Other great examples in Spanish: abrelatas, can opener, literally open cans; autopista, highway/freeway, literally automobile trail; bienvenido, welcome, literally the same in Spanish; cumpleaños, birthday, literally complete years; horasextra, overtime, literally extra hours; lavaplatos, dishwasher (the machine) and also literally washes dishes; matamoscas, fly swatter, literally kills flies.

I think that gives you a good general idea, and you can find lists online as well. But when it comes to the granddaddy of ridiculous compounds that give agglutinative languages a run for their money, look no farther than German.

English may rarely stick three words together to make one compound, but that seems to be our limit. The Germans? Well, they do seem to have a knack for sticking words together to describe things they couldn’t be arsed to come up with single words for, like literally calling gloves hand shoes (die Handschuhe.) I don’t think we get quite that lazy in English.

But the Germans transcend that. Are three words a compound limit for them? Oh hell noes. They’ll go on shoving words together all day long to express a specific concept. I guess the idea of sentences is too much for them.

I kid! A big chunk of my ancestry is German — well, at least the quarter that came down from my paternal grandfather  — and it is the third language, besides Spanish and English, that I have actually studied beyond a passing interest. But, c’mon. Some of their compound words are ridiculous.

Here’s a good one, made up of no less than eight separate words: rindfleischetikettierungsüberwachungsaufgabenübertragungsgesetz. A literal word-for-word translation into English is “beef meat labeling monitoring tasks transfer law.”

The Week made a great compilation of ten of the worst offenders, but I have to share a couple of them here.

Hey, this one is only three words! Rechtsschutzversicherungsgesellschaften, legal protection insurance companies, as in companies that will indemnify your ass against lawsuits.

Again, only four little words but one huge result: Donaudampfschiffahrtsgesellschaftskapitän. It literally means Danube steamship company captain, and wouldn’t you hate to have to shoehorn that word into your resume? But let us take a moment to look at the unfortunate word in there, and you know exactly which one I mean: dampfschiffahrts. Dampf means steam, and that should be pretty obvious after two seconds of realizing that it’s similar to the English word damp. Likewise, schiff for ship should be a no-brainer.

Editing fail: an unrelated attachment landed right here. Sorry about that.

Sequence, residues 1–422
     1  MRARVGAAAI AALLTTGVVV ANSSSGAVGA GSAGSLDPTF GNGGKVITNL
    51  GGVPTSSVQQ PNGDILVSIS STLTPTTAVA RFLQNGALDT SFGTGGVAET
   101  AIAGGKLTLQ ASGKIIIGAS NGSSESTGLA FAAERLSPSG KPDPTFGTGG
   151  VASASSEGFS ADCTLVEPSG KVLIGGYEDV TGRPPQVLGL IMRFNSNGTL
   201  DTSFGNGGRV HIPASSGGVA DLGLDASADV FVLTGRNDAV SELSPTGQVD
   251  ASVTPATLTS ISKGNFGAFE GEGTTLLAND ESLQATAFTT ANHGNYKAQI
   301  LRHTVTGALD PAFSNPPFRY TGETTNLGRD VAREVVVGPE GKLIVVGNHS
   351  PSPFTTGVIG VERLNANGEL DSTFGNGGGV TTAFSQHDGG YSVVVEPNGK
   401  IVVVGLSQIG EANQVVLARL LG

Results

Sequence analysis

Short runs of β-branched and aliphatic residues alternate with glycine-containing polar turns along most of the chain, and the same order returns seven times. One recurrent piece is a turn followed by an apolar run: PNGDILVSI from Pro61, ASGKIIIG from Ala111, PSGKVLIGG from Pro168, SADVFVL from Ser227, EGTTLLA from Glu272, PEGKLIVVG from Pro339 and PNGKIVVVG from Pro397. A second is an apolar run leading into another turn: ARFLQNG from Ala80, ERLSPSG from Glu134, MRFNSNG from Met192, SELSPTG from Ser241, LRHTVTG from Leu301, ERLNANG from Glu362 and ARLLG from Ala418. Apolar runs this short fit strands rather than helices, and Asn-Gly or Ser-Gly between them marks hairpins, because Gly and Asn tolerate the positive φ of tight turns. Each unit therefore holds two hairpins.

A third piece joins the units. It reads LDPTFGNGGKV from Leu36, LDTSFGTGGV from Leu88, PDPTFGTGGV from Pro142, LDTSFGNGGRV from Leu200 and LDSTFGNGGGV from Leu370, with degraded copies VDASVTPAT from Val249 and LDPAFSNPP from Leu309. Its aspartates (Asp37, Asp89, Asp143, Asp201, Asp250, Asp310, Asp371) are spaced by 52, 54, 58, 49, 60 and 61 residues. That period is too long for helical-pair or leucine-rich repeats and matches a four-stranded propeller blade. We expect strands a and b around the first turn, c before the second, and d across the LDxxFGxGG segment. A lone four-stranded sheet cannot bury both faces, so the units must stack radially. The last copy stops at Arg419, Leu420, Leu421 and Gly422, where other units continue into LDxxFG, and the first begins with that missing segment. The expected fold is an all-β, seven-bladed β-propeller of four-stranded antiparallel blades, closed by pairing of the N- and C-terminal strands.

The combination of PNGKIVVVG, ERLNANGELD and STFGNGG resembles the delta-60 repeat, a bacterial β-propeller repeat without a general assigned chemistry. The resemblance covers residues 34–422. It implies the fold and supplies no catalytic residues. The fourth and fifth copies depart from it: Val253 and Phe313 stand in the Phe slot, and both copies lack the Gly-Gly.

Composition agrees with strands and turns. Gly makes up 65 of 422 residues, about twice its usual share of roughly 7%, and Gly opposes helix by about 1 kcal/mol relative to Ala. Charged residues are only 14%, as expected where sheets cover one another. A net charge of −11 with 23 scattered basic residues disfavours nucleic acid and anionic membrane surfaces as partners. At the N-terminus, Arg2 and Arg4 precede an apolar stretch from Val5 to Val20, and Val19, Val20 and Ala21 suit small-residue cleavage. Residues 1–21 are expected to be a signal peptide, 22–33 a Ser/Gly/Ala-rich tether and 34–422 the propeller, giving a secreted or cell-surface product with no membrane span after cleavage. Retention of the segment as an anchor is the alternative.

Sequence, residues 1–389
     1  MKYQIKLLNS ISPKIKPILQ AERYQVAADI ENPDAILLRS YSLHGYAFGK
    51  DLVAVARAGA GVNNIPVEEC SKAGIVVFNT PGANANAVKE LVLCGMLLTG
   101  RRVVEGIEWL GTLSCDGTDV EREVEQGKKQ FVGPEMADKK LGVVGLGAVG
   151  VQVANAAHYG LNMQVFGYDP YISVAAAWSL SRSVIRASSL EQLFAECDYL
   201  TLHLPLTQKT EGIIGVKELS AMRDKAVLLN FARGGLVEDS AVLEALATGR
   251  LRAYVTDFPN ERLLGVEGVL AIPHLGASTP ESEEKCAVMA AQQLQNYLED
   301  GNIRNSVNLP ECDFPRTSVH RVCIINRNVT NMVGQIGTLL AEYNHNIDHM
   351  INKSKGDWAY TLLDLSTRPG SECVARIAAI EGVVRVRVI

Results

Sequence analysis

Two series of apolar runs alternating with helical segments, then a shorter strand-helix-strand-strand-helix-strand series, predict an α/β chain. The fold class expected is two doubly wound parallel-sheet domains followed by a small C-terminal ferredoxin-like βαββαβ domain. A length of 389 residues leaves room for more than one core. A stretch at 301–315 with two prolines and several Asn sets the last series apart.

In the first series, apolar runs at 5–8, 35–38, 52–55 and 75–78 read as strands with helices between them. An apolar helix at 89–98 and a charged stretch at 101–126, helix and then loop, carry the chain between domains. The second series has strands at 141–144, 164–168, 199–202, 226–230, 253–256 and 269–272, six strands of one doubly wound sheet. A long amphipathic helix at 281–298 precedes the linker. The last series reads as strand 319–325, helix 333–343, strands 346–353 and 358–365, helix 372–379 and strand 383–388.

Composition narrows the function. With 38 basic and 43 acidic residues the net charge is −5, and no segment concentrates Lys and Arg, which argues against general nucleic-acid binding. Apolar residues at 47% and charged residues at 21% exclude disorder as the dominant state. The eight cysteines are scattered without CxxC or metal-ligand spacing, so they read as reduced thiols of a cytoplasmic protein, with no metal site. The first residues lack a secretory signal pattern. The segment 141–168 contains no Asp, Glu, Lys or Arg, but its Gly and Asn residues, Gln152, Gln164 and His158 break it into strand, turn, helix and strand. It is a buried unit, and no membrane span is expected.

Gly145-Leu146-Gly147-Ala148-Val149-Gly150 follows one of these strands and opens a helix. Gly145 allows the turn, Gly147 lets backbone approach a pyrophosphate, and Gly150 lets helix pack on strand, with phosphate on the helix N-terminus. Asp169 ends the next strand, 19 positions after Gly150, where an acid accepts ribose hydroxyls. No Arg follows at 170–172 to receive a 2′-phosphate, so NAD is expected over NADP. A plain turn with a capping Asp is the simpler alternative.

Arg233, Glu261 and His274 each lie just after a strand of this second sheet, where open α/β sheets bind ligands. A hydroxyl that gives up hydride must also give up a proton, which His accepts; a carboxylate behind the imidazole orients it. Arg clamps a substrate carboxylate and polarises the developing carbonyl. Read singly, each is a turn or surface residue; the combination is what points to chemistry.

This leaves us with fahrts and no, it does not mean what you think it does. It comes from the German word fahren, to drive, and tends to wind up in anything involving a vehicle or journey. For that other word referring to the gas driven out of your ass, you want to use der Furz. And yes, it’s a masculine noun, because of course it is.

What? We all know that women never fart. It just isn’t done.

And, finally, there’s another four word jam slam: Bezirksschornsteinfegermeister. It refers to the master of chimney sweeps in a district, but breaks down to district (bezirks) chimney (schornstein) sweep (feger) and master (meister).

Talky Tuesday: Listen up!

Words are wonderful things in any language because they can communicate so much. Even more so, at least as far as English is concerned, the words themselves don’t have to make much sense and yet can still convey so much.

Just look at the two opening stanzas of Lewis Carroll’s brilliant Jabberwocky. Most of the words aren’t real words, and yet the thing still makes sense in its own way:

’Twas brillig, and the slithy toves

Did gyre and gimble in the wabe:

All mimsy were the borogoves,

And the mome raths outgrabe.

“Beware the Jabberwock, my son!

The jaws that bite, the claws that catch!

Beware the Jubjub bird, and shun

The frumious Bandersnatch!”